[Countdown To Zero (2010) – COMING SOON…But ‘WE’ Must Prevent ‘IT’ From Coming.]
Film: Countdown To Zero
UK Release Date: 24th June 2011 (simultaneous broadcasts occurring)
Director: Lucy Walker
Bonus: Q & A with Lucy Walker.
Venue: BFI Southbank
Production Company: (include) Lawrence Bender Productions
You, Them & Us…
A myriad of emotions passed through me with this latest cinematic storytelling event. Fear; Horror; Worry; Concern; Empathy (for every being and for the Human spirit).
I’ll say now that this was no fiction-filled-flick but rather a documentary feature. And one from (recently) Oscar-nominated Brit, Lucy Walker. Now here’s a woman who really knows how to tell a heartfelt and poignant ‘true story’.
I don’t say this based on “Countdown To Zero” alone, that would be naive. No. I previously had the pleasure of seeing Waste Land and that film left me gobsmacked. Indeed, it could be described as a feel-good movie. Just like Slumdog Millionaire was tagged as a feel-good movie – even though filled with evil and bad circumstances throughout until the uplifting ending – Waste Land could be as well.
It is known already, but we are sitting on a time-bomb or rather multiple-bombs in the form of nuclear arms. We have a massive risk hanging over us. This risk, though is not only down to the fact that by the odd switch or two one country could blow ourselves, families and lifelines to pieces. It is a “risk with another risk”, of so easily being detonated ‘by accident’. These potential accidents or mistakes are shown in this film. I say ‘potential’ but even that is perhaps the incorrect word as there HAVE BEEN examples of unintentional ‘release’ and MAJOR panic. You really have to see this motion picture to fully understand.
Accompanied by brilliantly atmospheric music & perfect animation, we witness historical footage as well as some beautiful shots. A few members of the public are asked various questions about nuclear weapons and, for example, individuals are asked to name the various countries ‘which they believe’ currently have such weapons. Not to mention how many are thought and/or known to be held worldwide.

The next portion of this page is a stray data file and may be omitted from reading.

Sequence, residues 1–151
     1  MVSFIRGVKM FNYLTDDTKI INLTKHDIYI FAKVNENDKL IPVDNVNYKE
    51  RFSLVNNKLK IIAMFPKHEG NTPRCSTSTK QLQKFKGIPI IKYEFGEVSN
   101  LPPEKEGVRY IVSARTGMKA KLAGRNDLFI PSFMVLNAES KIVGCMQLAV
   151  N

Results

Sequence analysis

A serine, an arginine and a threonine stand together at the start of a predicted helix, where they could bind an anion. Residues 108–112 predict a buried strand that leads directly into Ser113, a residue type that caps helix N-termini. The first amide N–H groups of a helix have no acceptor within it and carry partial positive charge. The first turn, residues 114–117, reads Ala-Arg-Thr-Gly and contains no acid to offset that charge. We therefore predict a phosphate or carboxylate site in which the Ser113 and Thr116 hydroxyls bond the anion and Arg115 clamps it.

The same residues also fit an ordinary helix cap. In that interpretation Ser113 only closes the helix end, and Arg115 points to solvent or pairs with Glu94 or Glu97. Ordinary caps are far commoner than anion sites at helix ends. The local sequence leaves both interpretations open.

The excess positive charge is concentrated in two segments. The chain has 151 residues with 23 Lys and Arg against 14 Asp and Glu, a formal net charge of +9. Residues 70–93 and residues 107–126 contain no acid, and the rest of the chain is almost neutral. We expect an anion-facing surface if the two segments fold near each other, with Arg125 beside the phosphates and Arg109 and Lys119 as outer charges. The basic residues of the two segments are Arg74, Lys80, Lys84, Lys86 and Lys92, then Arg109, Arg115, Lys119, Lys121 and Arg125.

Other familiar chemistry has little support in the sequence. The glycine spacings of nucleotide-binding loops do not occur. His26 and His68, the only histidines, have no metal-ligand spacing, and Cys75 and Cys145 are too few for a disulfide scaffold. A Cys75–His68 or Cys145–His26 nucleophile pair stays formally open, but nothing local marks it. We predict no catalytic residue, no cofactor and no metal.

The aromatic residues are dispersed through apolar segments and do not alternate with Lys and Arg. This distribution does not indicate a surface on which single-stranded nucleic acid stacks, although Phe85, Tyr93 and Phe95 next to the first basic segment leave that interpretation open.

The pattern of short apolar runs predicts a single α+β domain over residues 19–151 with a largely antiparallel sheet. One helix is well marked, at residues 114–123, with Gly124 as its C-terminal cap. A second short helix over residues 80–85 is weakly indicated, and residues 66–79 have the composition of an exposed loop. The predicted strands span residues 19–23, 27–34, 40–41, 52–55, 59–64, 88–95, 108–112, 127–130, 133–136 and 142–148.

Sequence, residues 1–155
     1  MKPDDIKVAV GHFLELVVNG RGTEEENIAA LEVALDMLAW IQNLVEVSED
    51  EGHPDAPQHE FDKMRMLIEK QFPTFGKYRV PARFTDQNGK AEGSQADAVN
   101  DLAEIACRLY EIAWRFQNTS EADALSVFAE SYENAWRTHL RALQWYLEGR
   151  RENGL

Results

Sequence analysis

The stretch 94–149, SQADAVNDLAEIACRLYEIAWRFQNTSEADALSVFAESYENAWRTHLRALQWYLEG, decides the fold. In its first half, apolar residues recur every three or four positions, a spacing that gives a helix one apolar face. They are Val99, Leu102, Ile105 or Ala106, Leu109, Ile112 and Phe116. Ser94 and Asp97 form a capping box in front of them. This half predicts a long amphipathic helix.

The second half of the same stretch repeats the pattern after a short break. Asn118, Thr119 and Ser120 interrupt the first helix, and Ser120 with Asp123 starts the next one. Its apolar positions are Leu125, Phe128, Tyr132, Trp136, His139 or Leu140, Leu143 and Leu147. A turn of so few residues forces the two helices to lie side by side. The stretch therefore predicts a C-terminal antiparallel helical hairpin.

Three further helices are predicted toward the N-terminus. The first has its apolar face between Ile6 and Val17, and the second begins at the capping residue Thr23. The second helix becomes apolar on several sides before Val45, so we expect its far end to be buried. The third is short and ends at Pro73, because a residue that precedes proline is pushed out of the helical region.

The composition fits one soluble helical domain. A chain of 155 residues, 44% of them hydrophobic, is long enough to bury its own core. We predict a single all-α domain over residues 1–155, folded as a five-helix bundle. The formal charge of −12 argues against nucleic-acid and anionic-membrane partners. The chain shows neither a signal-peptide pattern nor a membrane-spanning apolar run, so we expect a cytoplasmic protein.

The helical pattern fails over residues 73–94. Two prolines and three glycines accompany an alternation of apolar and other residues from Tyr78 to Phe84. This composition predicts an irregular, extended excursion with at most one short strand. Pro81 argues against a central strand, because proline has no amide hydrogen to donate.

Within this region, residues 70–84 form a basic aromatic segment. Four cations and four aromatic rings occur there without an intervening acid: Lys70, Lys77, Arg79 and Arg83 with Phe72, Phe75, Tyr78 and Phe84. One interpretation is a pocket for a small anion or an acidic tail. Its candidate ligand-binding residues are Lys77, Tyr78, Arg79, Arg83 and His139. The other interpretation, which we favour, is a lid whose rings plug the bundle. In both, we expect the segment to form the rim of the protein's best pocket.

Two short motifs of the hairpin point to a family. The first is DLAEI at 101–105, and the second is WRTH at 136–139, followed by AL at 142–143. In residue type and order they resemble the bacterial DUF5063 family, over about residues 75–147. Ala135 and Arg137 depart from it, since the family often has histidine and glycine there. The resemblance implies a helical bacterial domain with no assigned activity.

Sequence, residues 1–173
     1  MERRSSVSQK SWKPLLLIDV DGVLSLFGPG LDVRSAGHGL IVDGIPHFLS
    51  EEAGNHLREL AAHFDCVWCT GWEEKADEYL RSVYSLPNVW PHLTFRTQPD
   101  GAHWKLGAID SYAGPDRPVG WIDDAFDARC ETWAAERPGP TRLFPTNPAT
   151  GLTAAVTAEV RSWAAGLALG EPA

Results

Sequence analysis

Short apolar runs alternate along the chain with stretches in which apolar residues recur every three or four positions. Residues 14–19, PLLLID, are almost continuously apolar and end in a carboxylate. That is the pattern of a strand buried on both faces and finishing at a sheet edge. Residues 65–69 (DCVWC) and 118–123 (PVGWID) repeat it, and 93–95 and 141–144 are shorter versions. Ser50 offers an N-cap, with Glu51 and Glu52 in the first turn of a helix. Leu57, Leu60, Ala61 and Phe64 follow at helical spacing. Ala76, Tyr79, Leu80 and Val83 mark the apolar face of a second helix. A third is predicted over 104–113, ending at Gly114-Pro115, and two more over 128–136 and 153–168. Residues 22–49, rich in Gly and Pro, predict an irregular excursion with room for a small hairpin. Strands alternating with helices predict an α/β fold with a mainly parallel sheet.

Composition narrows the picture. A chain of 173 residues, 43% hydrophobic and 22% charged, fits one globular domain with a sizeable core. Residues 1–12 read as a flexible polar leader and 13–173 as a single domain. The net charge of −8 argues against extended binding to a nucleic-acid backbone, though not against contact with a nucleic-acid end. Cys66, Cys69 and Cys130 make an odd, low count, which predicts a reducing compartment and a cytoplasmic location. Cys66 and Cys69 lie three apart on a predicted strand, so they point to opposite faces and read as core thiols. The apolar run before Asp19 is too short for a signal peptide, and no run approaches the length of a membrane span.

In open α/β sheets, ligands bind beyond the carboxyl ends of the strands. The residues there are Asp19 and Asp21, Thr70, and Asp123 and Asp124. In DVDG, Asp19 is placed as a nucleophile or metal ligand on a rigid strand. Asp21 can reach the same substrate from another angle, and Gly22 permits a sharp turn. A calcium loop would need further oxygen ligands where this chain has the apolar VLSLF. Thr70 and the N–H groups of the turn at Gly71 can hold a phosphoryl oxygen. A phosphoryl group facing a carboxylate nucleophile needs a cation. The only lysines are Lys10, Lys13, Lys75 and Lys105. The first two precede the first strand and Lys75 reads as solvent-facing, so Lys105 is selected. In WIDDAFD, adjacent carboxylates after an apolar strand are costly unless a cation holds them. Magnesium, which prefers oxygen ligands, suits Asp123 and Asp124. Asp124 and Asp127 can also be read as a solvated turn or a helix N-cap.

“Joe Public” is not all that is questioned here… World leaders, politicians and other major figures (past/present) all present their opinions. Most of these – I learned from Lucy Walker’s ‘Masterclass’ and Q & A afterwards – were conducted by Lucy herself…and by no means easy tasks. Whether you dislike, disliked or have disagreed with these political figures in the past you can not help but be moved and interested by their views.
Even Gorbachev & Reagan’s ‘Star Wars’ program and it’s ultimate failure or dismissal is shown as touching – but not in the exaggerated way a ‘reality’ TV show may manipulate it or your feelings.
Whilst I talk here about feelings I feel the need to mention the following… As well as the emotions listed at the start of this review I, for one or two brief moments I experienced Love – not for nuclear weapons – for what the human race could achieve if we all got together, to rid the world of such weapons of mass destruction and therefore this fear.
As brilliant a cinematic documentary as this is – and as Lucy explained – it is so different to her other 3*, especially in narrative. It was also hinted that her future (5th) movie could indeed be different again…a work of fiction in the form of a feature film. Lucy also gave a couple of anecdotes, a story about the lengths to go through when meeting political players, old or new (including how many visits each one took) as well as an amusing tale about her ‘un’-intended Oscar dress.
[*See “Devil’s Playground”; “Blindsight”; “Waste Land”]
If the mention of a Radiohead track also used in the film [the second Radiohead reference recently – see my review of the Japanese movie, Confessions] doesn’t summarise the film and the awe it brings, I’ll finish with these further words…
In my opinion, this is a great ‘horror’ film and with a big heart. So much so that I was on the edge of my seat, especially when we two thirds through it.
…And…as I sit here listening to Everybody’s Gotta Learn Sometime by The Korgis, it seems to go well with my memories of one of the end shots in the picture. It is a shot where we are above a nuclear missile-head, looking down – one can imagine & fear it going off…not only towards ‘us’, the audience but also how easily and accidentally the button can be pushed.
If a ‘button must be pushed’ make it a ‘click’ on either of the following: